Unreported income avoiding regular taxation is creating social distortion
The Tax Justice Network commissioned James Henry to investigate
offshore investment processes. He found that at least US$21 trillion
has been hidden from regular taxation, an amount which is equivalent
to the combined economies of America and Japan.
Of course this has become a very sensitive issue for finance ministers
of nations in the developed world as they all suffer from the same
global recession. They look for local growth but are forced to enact
austerity measures, and as their countries’ unemployment rates rise,
the taxes taken from salaries and purchases fall further, lowering the
minister’s ability to create a favourable investment climate.
The governments do not have the cash to plough into public-sector work
schemes (like building new houses), nor can they give long-term
guarantees to private investors who thus sit on their cash to wait for
Banks are also stuck in this mess as they are reluctant to offer
interbank loans due to the Libor uncertainties (or because of other
nations’ interbank rates round the world). The knock-on effect is that
banks do not lend to small businesses or to households no matter how
devoid of risk – they may be looking only for a small loan to bridge a
brief cashflow shortfall but even that request is refused by many
banks. And we must not forget that banks from the biggest to the
smallest are now subject to increasing regulation, not least relating
to their own cash cover in case there is a run on their assets.
Money and trade go together, as Niall Ferguson and James Bernstein
explain well in separate tomes. They note how increasingly complex
financial instruments were developed by trading nations from late
medieval times through to the present day. These days, bright
doctorate holders in science and mathematics develop very complex
algorithms often only well expressed as computer codes.
Standard clients of banks – and sometimes even bank general managers –
do not understand these systems which have now been scrutinised, and
often condemned as oversold by “uneducated” lower-level staff in
banks. However, clients who have a lot of cash to invest are granted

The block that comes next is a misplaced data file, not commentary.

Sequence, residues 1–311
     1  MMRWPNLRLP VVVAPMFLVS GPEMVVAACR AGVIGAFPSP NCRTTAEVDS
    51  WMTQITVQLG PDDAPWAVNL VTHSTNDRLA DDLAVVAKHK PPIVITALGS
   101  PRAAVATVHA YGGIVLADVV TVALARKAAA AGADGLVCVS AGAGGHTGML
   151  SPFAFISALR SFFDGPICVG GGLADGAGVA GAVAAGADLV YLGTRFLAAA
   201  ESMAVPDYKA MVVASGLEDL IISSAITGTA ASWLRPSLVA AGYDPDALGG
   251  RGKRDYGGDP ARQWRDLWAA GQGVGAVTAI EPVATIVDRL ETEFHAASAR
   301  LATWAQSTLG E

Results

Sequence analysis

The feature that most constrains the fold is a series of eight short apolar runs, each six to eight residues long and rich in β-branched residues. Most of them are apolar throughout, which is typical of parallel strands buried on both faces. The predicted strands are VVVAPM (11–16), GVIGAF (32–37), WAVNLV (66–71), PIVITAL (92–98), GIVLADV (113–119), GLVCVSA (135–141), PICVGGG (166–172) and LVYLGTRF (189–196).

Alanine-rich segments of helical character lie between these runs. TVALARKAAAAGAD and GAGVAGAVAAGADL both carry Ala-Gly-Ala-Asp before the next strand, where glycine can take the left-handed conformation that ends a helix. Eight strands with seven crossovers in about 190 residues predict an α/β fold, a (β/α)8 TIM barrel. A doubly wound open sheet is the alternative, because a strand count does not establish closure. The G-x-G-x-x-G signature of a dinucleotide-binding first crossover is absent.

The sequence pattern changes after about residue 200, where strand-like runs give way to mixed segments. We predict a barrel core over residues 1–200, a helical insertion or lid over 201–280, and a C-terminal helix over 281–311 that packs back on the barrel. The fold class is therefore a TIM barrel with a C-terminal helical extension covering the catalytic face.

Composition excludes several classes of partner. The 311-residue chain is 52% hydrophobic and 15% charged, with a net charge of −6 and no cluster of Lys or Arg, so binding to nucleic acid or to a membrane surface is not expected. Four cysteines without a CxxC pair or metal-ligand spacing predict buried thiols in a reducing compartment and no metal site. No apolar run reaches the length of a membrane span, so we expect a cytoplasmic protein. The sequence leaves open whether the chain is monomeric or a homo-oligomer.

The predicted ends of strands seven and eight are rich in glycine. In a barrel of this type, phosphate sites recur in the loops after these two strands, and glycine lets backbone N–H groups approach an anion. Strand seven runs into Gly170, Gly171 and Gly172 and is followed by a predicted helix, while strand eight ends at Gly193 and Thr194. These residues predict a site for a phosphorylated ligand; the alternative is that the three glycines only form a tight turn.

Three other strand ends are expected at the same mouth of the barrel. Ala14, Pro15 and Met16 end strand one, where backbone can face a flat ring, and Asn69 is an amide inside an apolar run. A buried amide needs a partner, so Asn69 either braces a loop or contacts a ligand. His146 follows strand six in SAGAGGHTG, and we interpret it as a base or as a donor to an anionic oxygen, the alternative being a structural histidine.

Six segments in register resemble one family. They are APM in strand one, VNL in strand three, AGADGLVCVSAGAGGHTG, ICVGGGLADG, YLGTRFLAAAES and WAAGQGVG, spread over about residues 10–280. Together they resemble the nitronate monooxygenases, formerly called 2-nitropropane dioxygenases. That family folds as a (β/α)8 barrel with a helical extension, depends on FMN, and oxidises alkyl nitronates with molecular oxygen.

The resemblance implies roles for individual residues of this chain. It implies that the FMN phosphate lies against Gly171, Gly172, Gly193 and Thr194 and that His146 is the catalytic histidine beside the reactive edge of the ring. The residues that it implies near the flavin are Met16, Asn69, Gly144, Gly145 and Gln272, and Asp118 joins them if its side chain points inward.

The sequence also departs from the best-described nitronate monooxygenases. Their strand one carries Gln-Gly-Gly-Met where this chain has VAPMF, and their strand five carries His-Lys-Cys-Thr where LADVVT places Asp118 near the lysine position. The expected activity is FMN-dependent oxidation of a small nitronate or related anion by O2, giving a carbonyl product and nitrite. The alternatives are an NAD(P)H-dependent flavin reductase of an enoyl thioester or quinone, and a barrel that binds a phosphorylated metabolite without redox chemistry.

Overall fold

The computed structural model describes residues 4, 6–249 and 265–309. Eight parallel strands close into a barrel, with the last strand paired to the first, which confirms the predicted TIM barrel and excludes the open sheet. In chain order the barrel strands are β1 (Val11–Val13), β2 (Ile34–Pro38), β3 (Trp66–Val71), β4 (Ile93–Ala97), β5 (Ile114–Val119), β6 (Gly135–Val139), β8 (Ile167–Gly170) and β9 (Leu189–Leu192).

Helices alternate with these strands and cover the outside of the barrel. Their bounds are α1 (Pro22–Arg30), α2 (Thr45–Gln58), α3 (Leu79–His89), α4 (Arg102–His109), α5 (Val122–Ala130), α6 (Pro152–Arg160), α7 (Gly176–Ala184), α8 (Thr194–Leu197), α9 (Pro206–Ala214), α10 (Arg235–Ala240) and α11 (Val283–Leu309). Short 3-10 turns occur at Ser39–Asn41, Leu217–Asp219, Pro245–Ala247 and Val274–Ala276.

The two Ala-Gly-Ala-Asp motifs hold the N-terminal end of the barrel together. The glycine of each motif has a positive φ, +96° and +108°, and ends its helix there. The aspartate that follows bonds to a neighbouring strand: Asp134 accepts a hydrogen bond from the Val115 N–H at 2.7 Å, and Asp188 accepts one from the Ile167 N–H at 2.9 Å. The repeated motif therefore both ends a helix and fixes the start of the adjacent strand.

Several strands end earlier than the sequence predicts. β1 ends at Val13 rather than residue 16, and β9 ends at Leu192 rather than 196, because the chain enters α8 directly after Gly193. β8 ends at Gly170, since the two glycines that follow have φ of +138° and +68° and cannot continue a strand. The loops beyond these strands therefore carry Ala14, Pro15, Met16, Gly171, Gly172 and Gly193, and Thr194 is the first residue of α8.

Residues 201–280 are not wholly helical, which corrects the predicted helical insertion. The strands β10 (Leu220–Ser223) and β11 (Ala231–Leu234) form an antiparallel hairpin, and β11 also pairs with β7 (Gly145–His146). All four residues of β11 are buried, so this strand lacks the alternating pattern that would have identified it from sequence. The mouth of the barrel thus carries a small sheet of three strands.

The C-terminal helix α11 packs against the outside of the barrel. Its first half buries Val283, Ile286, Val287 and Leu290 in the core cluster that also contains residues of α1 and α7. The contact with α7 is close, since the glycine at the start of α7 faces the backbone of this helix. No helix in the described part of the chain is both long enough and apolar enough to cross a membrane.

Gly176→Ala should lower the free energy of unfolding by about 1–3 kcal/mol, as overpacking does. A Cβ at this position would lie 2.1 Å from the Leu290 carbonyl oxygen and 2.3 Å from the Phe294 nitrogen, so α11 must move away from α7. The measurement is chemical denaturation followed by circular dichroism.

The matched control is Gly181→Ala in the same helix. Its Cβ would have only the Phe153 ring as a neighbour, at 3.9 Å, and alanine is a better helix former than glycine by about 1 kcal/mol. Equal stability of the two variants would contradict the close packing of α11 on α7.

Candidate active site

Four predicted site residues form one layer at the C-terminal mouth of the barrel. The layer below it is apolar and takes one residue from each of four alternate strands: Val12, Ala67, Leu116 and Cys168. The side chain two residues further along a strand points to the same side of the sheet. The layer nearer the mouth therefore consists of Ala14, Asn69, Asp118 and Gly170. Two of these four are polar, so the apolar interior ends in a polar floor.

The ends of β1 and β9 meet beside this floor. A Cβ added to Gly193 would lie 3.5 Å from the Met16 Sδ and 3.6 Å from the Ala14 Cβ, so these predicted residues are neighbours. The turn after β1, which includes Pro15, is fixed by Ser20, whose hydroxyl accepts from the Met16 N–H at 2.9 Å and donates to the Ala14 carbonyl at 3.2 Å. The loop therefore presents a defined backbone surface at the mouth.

personal advisers who will support every whim – not only relating to
investing, but also to renting apartments and cars when the client
visits. Client retention is the foremost aim of banks such as UBS,
Credit Suisse and HSBC. The latter is alleged to have handled cash
from money laundering, drug trafficking and terrorist financing
involving transactions with several blacklisted money havens.
Nevertheless, the global elite do not wish to be public figures.
The top financial guys have also been fooled – the International
Monetary Fund noted an increasing imbalance between the global net
trade and its income over the past three decades: essentially these
ought to sum to zero, but there is now a “trade gap” of about 15 per
cent, or well over US$3 trillion.
Much of this gap is “unreported income” often put away in offshore
investments – not of course by ordinary people but by the elites from
developing countries who hold offshore bank accounts and other assets.
They never reported their unearned incomes or offshore re-investments.
And they avoided Third World and Developed World taxation, which in
turn has contributed to widening fiscal and social imbalance
So serious are the social distortions created by this edifice that
Raymond Baker, the director of Global Financial Integrity at the
Centre for Strategic and International Studies in Washington, said in
June 2007: “... for the first time in the 200-year run of the
free-market system, we have built and expanded an entire integrated
global financial structure the basic purpose of which is to shift
money from poor to rich.”
So I ask – what ought we to do? Henry estimates that about 100,000
people control US$10 trillion of these hidden assets, and in many
cases, a person’s assets far exceed the value of the overseas debts of
the countries they come from.
I suggest the high personal wealth holders be evaluated for honesty,
trust and transparency since some people are simply hardworking and
have good investment skills or support, while others are unfit and
have got rich mainly by milking their nations.
Of course this would require banks to become even more accountable and
transparent – which is slowly happening. In addition, a few honest
rich guys and their advisers could put their money to work, with
positive benefits for their countries, or even the global economy.
By turning these hidden trillions to work more productively,
theworld’s recession could be defeated or at least made less painful.
And perhaps by having economies managed to a greater degree by savvy
investors and their bright advisers, we may find the world’s money and
trade begin to work more in harmony.
The writer is founder and chairman of Horasis, a global business community.
Horasis is a global visions community committed to enact visions for a sustainable future. (http://www.horasis.org)
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